I can hold my babies on my hips (yes, I still hold Spencer sometimes), chase them up the stairs when it’s time for bed, and talk about boys with my teenage daughter–because it wasn’t really that long ago that I was going through her exact same time of life.
The more time I have to move forward on professional projects and travel the world, the more I realize that time spent with children IS living. (What on earth had I been thinking?)
I still have lots of years to pursue other adventures, but this adventure of young motherhood, which is too-quickly shifting to empty-nest-hood is a beautiful, beautiful time.
Just something to think about when your children are splashing in the toilet.
QUESTION: Have you ever had a crazy moment like the one described above? How do you maintain a healthy perspective when your life feels chaotic?
CHALLENGE: If you ever begin to feel like your time with young children is more exhausting than it’s worth, take a moment to step back and acknowledge the wonderful role you are playing in raising your little ones.
Koni Smith says
Love it, April! Thanks for the reminder! It’s fun to have a little one again (although I do miss the sleep) and a teenager as well. We are running the whole spectrum of kids at home! 🙂
Next to family, friends and the ocean, The Christmas Tree Shops one of the things I miss most about moving away from Massachusetts! We have a newborn at home for the first time in five years, and I thank my lucky stars because I can already see my 10, 7 and 5 year olds growing up and passing milestones that seemed light years away to me when I was a new mother. It goes by so fast, and I know I’m going to miss it desperately, even though I’ll be sure to enjoy the stages that come later in their lives as well. It’s amazing the difference between ‘new’ motherhood at 29 and ‘late’ motherhood at 40 – if I could only have known then what I know now!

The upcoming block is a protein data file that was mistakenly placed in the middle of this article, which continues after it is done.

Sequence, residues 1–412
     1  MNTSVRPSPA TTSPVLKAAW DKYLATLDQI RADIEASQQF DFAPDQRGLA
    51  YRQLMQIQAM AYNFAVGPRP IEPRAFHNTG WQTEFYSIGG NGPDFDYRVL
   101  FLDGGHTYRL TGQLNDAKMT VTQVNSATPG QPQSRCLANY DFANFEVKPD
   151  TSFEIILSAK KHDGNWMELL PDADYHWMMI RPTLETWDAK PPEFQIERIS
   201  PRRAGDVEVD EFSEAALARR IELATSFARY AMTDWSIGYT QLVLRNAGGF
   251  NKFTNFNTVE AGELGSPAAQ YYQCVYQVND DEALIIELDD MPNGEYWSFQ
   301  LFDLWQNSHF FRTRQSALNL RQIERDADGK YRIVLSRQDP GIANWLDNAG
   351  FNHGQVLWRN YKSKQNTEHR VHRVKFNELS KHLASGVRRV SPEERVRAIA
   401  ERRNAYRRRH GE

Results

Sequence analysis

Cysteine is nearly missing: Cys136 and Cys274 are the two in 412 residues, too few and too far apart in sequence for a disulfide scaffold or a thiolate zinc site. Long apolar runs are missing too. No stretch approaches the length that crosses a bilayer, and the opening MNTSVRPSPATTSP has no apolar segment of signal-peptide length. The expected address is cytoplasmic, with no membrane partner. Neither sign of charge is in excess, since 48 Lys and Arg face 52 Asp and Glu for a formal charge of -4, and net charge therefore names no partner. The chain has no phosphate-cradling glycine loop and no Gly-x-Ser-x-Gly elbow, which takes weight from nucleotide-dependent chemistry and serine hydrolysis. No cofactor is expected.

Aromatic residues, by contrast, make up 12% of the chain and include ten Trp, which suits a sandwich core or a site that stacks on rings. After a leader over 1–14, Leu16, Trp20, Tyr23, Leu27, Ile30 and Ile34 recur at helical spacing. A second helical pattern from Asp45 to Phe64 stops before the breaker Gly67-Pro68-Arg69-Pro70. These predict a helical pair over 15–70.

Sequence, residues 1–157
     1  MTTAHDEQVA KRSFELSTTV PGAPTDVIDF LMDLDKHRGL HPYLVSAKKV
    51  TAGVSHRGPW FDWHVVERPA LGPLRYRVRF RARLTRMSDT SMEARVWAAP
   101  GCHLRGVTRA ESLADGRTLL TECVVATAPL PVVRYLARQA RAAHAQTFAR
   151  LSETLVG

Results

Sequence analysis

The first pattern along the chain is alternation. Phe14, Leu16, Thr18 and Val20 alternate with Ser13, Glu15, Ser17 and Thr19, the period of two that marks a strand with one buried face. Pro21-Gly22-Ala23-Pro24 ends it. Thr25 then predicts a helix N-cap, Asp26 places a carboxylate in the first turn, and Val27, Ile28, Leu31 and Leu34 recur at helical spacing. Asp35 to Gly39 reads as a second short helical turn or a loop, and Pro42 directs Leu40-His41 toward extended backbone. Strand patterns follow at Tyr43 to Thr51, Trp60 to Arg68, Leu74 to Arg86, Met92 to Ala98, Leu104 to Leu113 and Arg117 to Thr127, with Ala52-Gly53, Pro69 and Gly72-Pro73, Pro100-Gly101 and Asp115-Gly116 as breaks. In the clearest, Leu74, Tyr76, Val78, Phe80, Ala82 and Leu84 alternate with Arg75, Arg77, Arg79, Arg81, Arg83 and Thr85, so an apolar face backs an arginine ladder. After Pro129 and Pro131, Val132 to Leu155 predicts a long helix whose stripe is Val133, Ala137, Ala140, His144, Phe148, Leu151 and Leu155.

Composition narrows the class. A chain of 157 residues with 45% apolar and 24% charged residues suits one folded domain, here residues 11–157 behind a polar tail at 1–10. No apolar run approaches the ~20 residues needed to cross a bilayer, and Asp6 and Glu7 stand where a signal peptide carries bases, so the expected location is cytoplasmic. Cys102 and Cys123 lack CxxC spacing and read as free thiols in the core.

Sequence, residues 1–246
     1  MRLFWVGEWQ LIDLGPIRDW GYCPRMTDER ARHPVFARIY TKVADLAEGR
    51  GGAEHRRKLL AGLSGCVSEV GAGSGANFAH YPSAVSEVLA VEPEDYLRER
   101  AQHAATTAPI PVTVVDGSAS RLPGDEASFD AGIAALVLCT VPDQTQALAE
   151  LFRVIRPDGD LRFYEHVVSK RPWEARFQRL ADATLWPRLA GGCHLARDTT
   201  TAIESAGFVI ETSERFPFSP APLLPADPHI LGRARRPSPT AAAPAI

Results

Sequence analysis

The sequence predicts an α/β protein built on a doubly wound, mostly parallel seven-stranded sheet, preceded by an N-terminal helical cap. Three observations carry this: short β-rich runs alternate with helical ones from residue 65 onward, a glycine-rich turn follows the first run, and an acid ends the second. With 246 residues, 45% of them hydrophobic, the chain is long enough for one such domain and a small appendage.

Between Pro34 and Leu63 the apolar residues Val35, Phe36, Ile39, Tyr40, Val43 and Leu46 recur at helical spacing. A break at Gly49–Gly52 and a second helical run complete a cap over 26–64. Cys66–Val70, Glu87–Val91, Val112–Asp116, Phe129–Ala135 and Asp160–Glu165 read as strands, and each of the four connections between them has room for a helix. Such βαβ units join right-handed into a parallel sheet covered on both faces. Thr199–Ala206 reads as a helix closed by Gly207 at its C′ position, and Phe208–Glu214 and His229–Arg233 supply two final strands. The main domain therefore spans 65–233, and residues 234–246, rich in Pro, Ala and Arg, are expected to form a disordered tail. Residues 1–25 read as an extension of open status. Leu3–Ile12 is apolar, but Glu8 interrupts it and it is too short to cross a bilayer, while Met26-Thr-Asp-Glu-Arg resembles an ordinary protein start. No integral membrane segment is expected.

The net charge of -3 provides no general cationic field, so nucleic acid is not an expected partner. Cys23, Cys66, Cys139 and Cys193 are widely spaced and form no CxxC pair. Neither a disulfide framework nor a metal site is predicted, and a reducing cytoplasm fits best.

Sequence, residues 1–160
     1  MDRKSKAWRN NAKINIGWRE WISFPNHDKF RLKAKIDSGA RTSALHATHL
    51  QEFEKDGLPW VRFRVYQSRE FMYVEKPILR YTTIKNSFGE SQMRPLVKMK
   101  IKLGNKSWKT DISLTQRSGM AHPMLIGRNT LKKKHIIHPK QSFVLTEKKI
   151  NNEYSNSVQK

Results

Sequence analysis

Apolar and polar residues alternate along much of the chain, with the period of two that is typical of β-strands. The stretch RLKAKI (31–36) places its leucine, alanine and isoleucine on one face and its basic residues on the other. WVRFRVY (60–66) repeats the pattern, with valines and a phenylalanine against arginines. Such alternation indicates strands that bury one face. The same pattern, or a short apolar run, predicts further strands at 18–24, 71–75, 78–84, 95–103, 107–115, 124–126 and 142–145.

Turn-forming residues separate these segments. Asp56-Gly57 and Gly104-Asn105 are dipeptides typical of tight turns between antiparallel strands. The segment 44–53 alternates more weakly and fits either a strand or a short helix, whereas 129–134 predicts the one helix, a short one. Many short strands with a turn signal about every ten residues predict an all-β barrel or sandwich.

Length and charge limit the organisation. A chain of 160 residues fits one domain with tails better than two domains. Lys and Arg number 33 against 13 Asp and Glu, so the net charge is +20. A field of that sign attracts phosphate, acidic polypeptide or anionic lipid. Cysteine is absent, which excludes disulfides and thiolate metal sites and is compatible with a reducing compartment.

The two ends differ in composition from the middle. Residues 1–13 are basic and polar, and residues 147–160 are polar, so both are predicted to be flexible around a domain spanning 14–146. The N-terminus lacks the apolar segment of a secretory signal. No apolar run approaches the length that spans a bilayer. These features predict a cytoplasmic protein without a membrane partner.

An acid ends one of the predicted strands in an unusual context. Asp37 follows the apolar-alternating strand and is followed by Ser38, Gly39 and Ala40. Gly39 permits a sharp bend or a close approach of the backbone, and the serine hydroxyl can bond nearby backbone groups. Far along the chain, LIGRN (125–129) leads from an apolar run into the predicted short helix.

April Perry says
How fun that you shopped there too, Beth! It’s true . . . if only we could have known then what we know now. I guess it’s helpful that we’re sharing all these things with the young moms today, right? 🙂
Tiffany Sowby says
It goes by so quickly. Seems like just yesterday I considered myself a “young mother.” I find myself treasuring the days still at home with my 2 little boys more than I did with my older three. I wish I had known exactly how quickly those hard days would pass. Excited to see you not once but TWICE this week!
I think I needed this. I blogged about the day off we recently had–and the craziness of my family. My kids, 11, 9, 7, 6, 3, and 1, have been driving me beyond crazy and it is hard to keep my patience and my sanity. But, I am trying to refocus on the importance of just loving them and being with them now. Thanks for this post.
[email protected] says
I’ve actually been wondering if I’ll spend my entire life doing nothing but raising children. I have 9 of them, my oldest is almost 24 and my youngest is almost 2. By the time he is old enough to be on his own I will be in my 60’s.
At times I wonder what I was thinking, but I can think of nothing more important or fulfilling I could be doing with my time so I press on.
Love love LOVE this post. My kids are 8, 7, 3, and 2. We’re (mostly) out of the lack-of-sleep kind of chaos, but life with my extremely curious and energetic kids keeps me on my toes. I’ve often wondered the very same thing. Just a couple of weeks ago, I was shopping with my two littles and saw a sweater I wanted to try on. The kids were running out if patience with the trip- so I decided to skip the dressing room and try it on right there in the store (over my shirt). As soon as I got it over my head, they both took off in opposite directions. I tried to whip the sweater off quickly and go after them, but in my haste I accidentally took off my shirt with the sweater. So embarrassing, but hilarious in hindsight. It was actually even a little bit funny when it happened. Sometimes the only thing you can do is laugh.